Nuget

2016-02-15

Problem: One of the things I work on is Microsoft Dynamics CRM (Customer Relationship Management). This is a web based crm tool made by.... Microsoft. One of the great things about Dynamics CRM is that it provides data access via a very nice sdk. We've got about a dozen different tools & utilities which talk to the CRM database via the SDK.

Recently we began the process of upgrading to Dynamics 2016. This invoved a new SDK as well as upgrading our code to use the new early-bound classes. 

This requires going into each project, removing references to the old sdk, adding references to the new sdk as well as any related framework dependencies. Kind of a pain. 

There is a good bit of ceremony required to get a simple app up and running though. You need to

  1. Add references to the SDK libraries.
  2. Add references to the related dependencies.
  3. Add an App.config file with the connection string
  4. Write the boilerplate context initiation

Solution: This seems like a good use for NuGet.

The big plusses are that NuGet can help automate these repetitive tasks, as well as keep track of them! Additionaly it will make upgrades easer (and we are currently going through one). We also periodically make changes to the CRM system which alter the early-bound classes. Putting this stuff in a NuGet package source can help with updating when changes are made.

The first step was to download the (NuGet Package Explorer)[https://npe.codeplex.com/]. This will make learning easier - I tried swinging at this from the command line but I'm impatient.

Create a new package and fill out all the boring meta-data which is basically the exact same info you see when browsing the package manager.

Meta-data

Next is to add references to the sdk libraries. Because the sdk requires .net 452, they need to be added into the lib\net452\ folder. NuGet package explorer makes this easy with context aware menu's.

easy peasy. If you package this up now, it will copy in the proper asemblies.

Next add the references to the Framework assemblies. This can be done via the drop-down, nothing to add here.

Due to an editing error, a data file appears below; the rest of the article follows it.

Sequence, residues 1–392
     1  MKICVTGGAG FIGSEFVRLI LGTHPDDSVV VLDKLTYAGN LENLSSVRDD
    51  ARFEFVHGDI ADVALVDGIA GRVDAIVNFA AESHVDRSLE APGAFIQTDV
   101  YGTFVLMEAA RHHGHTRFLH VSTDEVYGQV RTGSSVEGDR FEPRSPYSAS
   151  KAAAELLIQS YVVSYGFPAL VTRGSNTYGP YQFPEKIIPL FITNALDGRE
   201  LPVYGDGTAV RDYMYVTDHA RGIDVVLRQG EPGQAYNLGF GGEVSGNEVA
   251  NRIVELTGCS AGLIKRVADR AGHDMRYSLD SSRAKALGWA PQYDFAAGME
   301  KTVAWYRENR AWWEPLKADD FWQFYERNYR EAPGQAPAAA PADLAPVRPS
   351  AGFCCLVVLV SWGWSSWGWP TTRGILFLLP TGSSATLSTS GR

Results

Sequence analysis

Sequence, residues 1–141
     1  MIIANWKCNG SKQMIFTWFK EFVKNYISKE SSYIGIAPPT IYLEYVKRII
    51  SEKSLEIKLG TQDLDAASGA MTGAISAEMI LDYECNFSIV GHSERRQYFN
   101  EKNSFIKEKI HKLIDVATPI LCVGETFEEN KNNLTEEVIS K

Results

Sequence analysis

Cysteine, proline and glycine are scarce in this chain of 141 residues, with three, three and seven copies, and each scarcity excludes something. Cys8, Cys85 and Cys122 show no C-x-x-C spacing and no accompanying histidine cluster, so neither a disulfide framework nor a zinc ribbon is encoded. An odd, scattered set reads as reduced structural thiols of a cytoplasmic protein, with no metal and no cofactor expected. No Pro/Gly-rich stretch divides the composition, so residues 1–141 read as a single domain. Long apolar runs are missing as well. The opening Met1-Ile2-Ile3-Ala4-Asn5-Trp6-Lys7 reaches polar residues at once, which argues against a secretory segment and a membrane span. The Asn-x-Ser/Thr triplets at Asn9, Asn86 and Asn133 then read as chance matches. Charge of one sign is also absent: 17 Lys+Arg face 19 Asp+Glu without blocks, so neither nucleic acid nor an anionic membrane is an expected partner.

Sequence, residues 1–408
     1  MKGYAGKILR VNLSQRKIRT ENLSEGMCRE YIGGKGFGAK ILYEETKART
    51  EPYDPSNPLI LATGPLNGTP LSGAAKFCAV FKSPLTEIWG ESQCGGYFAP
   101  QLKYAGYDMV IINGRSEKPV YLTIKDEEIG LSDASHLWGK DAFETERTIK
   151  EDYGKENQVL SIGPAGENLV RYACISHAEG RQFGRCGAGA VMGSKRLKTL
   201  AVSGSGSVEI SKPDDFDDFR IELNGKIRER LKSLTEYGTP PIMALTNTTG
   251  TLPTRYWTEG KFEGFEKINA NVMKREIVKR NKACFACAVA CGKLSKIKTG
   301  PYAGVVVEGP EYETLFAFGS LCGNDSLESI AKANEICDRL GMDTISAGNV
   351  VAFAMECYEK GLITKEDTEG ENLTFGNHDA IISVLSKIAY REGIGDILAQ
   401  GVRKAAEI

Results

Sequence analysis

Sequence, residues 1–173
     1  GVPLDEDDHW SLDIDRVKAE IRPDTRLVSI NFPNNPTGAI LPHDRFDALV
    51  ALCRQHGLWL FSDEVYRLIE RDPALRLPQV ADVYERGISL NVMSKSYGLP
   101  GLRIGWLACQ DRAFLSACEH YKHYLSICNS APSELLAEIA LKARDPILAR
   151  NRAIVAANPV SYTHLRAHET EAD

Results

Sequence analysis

Next I want to add a class which handles some repetitive tasks like setting up a context for querying the databse. Since we're no longer dealing with references, we can forget about the lib folder and create a content folder. I'm going to go ahead and add a new cs file to the root of the content folder. Right click and add a file called Connection.cs.

using System;
using System.Configuration;
using Microsoft.Xrm.Sdk;
using Microsoft.Xrm.Tooling.Connector;

namespace ????
{
    public static class Connection 
    {
        private static CrmServiceClient ServiceClient
        {
            get 
            {
                return new CrmServiceClient(ConfigurationManager.AppSettings["CrmConnectionString"]);
            }
        }

        public static IOrganizationService Service
        {
            get 
            {
                return ServiceClient.OrganizationWebProxyClient ?? (IOrganizationService)ServiceClient.OrganizationServiceProxy;
            }
        }
    }
}

The problem is what to use for the namespace. I could leave this un-namespaced but that doesn't seem right. Reading the (documentation)[https://docs.nuget.org/create/configuration-file-and-source-code-transformations] this is a VERY common issue and you can use source code transformations to handle. Just

  1. Rename the file and add .pp to the end
  2. Use $rootnamespace$. You can actually use any (Project property)[https://msdn.microsoft.com/en-us/library/vslangproj.projectproperties_properties(VS.80).aspx].